10. Do you (or any of your teammates) have any superstitions related to playing paintball?

I pretty much wear the same head gear for the whole year weather permitting. I also always have a microfiber in my left pocket and a tool in my right because I have lazy teammates. :-)
I'd like to thank my sponsors for this year: Empire, Eclipse, Invert, RPS, Gen-X Global, and Alex Martinez. Also a special thanks to my Belgium team Breakout Spa!

Thanks Grayson, way to get the sponsors in there.

If you want to keep up with Grayson, or his evil twin, George, check him out at MWGO.
UPDATE: Of course I didn't change the photo. Do you think I'd get something like that wrong? C'mon!

Friday, February 26, 2010

The Great Divide

First appeared the moment–yes, the very moment–someone saw competitive paintball as sport and sport leading to money. That moment may not have arrived for everyone at precisely the same time but close enough for horse shoes and hand grenades. The initial efforts to position themselves to take advantage were the NXL and The 18. The NXL began as 10 franchise teams that owned equal shares of their league. The 18 was NPPL 1.0's response; the league restricted access to the pro division and structured the upper divisions to function kinda like UK soccer leagues with promotion and relegation. In both cases it was leagues and teams preparing for the next step in competitive paintball’s development; quasi-mainstream sports acceptance and outside granola. While we know how that’s worked out so far the great divide is something that isn’t often discussed though it still exists, and if we’re lucky, will one day be a real problem.

The NXL was modeled on mainline American sports; the 18 on European club sports. If the NXL had succeeded there would have been a single entity with multiple partners and a well worn path for growth and development, cooperation and profit sharing already built in. If the 18 had succeeded things likely wouldn’t have been as smooth and this is where the great divide comes in. NPPL 1.0 held all the cards, controlled promotion and relegation and but only offered a promise of trickle down success–if the league scores the TV prize "we" all win. Well, yes and no. The league certainly would have been a winner but no matter how you slice it the structure pitted the pro teams against the league in the effort to gain sponsors. And still does. It is the state that exists today and has existed since the league(s) went from sanctioning body to event promoter(s). And that conflict is the great divide. Ignored when times were flush, ignored when TV was right around the next corner and ignored until it was too late when the sponsor dollars stopped raining like pennies from heaven.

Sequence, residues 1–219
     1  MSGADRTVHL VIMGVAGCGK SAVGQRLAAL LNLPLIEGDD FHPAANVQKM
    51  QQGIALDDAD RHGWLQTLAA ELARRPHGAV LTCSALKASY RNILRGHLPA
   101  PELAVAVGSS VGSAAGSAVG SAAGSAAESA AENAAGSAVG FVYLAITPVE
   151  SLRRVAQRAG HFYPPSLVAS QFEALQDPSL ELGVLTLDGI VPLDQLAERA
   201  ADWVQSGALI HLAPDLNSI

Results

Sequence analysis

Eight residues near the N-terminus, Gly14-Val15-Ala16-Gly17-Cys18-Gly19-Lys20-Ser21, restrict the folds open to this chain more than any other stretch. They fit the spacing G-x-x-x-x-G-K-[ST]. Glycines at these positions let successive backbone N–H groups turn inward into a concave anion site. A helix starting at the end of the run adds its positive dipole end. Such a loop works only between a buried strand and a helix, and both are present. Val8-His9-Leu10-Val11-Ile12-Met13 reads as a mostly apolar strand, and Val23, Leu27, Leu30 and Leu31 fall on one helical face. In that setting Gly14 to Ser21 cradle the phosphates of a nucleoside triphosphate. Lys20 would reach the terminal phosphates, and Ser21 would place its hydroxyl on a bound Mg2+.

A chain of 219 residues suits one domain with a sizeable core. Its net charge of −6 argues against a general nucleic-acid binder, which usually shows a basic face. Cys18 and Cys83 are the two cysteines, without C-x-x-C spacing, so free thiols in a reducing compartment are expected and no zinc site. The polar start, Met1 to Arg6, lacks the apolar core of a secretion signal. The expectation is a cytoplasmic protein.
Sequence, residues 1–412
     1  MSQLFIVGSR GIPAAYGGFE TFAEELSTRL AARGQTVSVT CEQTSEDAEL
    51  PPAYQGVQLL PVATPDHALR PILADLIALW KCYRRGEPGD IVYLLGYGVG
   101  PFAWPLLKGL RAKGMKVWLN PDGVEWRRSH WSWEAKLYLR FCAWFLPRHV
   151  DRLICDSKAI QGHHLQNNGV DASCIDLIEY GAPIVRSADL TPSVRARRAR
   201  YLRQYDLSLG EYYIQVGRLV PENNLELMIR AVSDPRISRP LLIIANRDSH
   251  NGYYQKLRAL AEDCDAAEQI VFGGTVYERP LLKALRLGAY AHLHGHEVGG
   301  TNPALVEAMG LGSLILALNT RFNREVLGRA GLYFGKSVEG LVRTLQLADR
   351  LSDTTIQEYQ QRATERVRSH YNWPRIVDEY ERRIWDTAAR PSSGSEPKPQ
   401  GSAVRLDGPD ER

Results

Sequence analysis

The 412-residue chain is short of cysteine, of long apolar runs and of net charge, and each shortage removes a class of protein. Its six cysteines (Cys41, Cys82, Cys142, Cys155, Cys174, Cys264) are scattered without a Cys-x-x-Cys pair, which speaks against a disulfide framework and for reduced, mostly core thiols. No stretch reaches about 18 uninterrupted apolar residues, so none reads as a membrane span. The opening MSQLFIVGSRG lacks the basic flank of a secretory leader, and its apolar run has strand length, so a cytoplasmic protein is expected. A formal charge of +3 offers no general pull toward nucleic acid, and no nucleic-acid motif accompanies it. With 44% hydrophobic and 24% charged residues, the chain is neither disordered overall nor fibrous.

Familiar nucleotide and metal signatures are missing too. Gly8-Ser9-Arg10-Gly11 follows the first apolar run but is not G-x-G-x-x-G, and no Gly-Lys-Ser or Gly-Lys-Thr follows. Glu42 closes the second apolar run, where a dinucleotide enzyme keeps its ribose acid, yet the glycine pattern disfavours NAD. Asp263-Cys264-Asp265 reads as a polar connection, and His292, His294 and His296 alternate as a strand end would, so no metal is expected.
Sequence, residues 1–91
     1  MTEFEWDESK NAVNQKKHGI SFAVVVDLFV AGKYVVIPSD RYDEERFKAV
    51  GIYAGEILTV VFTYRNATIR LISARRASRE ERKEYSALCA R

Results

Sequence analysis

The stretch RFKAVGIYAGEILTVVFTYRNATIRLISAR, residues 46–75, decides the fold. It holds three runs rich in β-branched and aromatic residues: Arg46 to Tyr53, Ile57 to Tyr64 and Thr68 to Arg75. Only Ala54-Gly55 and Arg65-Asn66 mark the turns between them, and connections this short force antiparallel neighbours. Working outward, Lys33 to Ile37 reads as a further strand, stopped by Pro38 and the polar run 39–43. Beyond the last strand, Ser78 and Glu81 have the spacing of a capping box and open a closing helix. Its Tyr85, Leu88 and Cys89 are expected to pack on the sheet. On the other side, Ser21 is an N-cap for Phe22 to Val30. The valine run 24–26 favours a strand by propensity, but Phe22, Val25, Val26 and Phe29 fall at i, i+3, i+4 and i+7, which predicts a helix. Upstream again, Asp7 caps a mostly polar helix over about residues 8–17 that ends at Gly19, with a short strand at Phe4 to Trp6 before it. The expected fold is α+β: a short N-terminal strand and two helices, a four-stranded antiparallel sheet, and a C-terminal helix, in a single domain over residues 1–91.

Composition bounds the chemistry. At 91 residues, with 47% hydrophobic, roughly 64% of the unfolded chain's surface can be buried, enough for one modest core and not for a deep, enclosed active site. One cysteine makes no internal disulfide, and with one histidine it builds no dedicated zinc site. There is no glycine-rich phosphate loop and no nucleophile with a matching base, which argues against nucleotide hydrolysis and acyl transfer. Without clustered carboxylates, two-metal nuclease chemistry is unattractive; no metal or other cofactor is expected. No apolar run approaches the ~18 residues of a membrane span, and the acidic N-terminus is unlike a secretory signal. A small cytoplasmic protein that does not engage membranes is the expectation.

Today’s landscape is a little different, in some ways the roles are reversed. A different league has an ownership group made up of teams while the other has no answer for what comes with success–but it isn’t yet a meaningful great divide. NPPL 3.0 could be poised on the brink of success but it will only come from outside sponsors–but never did when there was more hoopla, more teams and more money committed to making it happen. Realistically all the teams’ own is the dream and the debts they are collecting operating a league on an outmoded model that features a dying format. But such is the potential power of the great divide. Some portion of the team owners want control, some want a sense of self-determination but all of them want a piece of the pie should a pie fall off the baker’s truck as it drives by. Regardless of the league all the pro teams have paid a price, some more than others, some for longer than others, and they don’t want to see their effort and contribution come to nothing. And should success in outside sponsors or TV or a billionaire philanthropist ever show up they feel like they’ve earned a share and that without them ultimate success is impossible. (If sporting success comes to any major league it will almost certainly benefit all eventually–but that’s another post.)